Teaching and Testing for Creativity


Michele and Robert Root-Bernstein recently posted, Do Arts Teach Creativity?, on Psychology Today. In their essay, they discuss the difficulties educational institutions face when trying to implement creativity as part of the curriculum. It’s an interesting article and they are correct in what they say.

First, they tackle tests designed to assess creative aptitudes. These tests include the Torrence test developed back in the 1960s. Creativity tests focus on stuff like the fluency and flexibility of an individual’s thinking abilities. Michele and Robert consider these tests shams, and they are correct.

Testing individuals on components of the creative process does just that, test individual parts. And possessing the ability to generate ideas, doesn’t mean you’re creative. It just means you can generate a bunch of ideas.

The authors also go on to explain how including art in a student’s curriculum doesn’t mean that creativity is being taught. And they are right again. Much of art making is craft oriented, technical stuff dealing with eye-hand coordination. In drawing courses, it’s very important to work on line quality. To do so, you repetitively draw lots of lines. But that’s not creativity. Yes, you could say that in a small, personal way it is. That’s because the person may not have drawn in this way before. But for most of us, changing a tire would also be a creative act since very few of us have done that.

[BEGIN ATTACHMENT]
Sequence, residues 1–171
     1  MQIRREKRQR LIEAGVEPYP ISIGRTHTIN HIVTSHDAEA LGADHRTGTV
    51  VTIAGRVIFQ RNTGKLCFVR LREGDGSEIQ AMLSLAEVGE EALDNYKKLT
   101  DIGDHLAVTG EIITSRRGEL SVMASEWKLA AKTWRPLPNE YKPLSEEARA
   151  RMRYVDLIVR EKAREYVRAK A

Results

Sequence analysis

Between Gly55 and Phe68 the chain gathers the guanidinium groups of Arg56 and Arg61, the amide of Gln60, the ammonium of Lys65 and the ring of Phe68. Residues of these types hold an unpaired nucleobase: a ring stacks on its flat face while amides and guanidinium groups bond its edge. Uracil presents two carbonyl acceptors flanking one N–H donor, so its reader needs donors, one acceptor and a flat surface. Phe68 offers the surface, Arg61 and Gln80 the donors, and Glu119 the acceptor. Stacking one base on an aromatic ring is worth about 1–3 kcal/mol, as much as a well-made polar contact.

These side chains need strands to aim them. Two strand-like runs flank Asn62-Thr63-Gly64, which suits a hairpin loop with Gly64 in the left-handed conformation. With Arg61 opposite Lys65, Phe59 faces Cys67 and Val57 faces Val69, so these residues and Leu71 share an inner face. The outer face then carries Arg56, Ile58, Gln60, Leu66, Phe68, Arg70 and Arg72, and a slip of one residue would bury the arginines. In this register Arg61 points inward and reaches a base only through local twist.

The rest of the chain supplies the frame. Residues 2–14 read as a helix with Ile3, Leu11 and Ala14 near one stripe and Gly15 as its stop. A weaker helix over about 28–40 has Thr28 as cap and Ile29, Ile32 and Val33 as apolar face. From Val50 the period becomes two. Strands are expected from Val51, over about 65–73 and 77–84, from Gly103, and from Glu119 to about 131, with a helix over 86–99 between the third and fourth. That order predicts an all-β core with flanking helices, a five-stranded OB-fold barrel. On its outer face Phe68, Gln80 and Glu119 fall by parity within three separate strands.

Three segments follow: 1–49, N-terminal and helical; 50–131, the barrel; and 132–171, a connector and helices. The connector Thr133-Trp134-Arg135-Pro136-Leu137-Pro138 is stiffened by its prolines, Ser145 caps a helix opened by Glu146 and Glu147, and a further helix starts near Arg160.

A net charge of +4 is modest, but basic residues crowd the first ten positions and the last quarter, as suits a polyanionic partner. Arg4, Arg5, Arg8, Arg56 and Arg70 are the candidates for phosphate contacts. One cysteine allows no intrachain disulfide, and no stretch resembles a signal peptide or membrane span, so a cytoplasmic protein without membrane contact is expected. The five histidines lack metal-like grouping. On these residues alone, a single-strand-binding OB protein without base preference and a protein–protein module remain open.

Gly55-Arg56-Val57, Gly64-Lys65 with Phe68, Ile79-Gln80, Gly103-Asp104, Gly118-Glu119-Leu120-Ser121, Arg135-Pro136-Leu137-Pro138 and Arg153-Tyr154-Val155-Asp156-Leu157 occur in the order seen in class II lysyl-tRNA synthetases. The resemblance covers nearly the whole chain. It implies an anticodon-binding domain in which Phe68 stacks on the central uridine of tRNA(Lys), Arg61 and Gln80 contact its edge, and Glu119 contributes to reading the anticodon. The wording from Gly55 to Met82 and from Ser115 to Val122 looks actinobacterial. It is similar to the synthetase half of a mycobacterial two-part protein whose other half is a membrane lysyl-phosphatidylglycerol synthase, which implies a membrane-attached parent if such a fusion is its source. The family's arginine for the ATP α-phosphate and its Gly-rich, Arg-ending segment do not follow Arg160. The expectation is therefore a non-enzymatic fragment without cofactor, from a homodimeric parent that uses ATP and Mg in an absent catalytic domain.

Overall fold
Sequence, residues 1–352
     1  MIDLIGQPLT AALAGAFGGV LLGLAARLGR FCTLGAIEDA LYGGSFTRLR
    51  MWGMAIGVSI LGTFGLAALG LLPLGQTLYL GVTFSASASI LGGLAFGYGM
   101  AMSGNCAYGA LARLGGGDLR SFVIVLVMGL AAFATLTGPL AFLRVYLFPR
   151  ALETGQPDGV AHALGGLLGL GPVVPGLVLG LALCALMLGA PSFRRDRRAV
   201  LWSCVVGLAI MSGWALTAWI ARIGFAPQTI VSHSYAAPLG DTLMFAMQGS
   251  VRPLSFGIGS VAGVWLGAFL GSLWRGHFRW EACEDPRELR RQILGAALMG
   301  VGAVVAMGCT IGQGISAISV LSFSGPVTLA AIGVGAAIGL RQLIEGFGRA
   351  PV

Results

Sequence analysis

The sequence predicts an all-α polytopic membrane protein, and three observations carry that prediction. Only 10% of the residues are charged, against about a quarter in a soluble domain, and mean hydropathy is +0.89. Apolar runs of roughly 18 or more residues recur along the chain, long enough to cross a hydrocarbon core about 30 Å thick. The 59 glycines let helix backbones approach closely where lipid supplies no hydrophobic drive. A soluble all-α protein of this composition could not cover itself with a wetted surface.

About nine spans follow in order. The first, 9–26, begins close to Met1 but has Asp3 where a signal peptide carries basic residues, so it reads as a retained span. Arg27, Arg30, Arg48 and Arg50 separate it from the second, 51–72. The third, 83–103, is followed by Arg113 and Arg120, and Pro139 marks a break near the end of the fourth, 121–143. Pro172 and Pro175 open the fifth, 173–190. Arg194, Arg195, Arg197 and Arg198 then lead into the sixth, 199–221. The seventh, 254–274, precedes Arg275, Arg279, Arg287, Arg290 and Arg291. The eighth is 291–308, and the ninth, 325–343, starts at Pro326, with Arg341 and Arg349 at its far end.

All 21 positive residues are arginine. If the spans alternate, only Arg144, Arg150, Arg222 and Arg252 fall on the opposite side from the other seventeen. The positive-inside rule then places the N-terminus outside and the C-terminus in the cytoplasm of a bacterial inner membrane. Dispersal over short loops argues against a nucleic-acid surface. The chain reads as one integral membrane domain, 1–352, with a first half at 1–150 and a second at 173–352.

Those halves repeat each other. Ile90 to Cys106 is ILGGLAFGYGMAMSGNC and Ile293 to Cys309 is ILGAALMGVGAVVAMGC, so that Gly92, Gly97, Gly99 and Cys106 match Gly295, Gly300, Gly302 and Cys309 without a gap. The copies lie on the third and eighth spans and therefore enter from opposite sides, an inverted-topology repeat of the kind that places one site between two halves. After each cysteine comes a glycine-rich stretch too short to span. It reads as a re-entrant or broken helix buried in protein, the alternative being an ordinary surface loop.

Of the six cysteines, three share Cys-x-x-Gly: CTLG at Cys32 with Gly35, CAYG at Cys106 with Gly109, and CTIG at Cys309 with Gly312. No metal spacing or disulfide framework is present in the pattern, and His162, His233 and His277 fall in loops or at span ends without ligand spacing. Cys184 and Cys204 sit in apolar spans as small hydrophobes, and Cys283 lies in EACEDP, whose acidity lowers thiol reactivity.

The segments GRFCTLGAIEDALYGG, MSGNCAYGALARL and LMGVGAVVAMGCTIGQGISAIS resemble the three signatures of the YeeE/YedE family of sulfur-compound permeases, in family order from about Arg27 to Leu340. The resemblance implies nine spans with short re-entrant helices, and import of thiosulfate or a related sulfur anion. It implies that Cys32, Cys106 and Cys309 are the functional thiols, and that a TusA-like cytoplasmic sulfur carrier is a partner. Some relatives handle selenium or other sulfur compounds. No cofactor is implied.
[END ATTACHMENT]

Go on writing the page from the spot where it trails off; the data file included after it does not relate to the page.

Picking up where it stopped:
So how do we include creativity in the curriculum? We do so through project base work where students go through the whole creative process to see how it works. That begins with finding problems. Then students should follow by conducting research, generating a bunch of ideas, synthesizing concepts, choosing the best ones, prototyping, reflecting on what’s happening, changing one’s mind and then making the final product. Only after going through that whole process time and time again do students get it. It’s not one step, it’s a process.

The good thing for art departments is that it’s most easily done through the arts. It can be done through any subject, but it follows naturally in art classes. That’s because the art departments employ this thing called the studio model. And by design, the studio model presents students with ill-defined problems which they are expected solve in novel ways. It’s real-world learning; there really is a product. So the knowledge sinks in.

The trick for art departments is to stress ideation and for students to record the process.  Recording the process helps students reflect on how they came up with their new solutions. It’s easy for students to forget how they came to a solution. Process books serve to refresh their memory.

Creativity isn’t a trick. It isn’t a single task. And it isn’t just for artists. It’s a process—one that can be learned. Testing for creativity can only come when the whole process is taken into consideration, not just one part of it.


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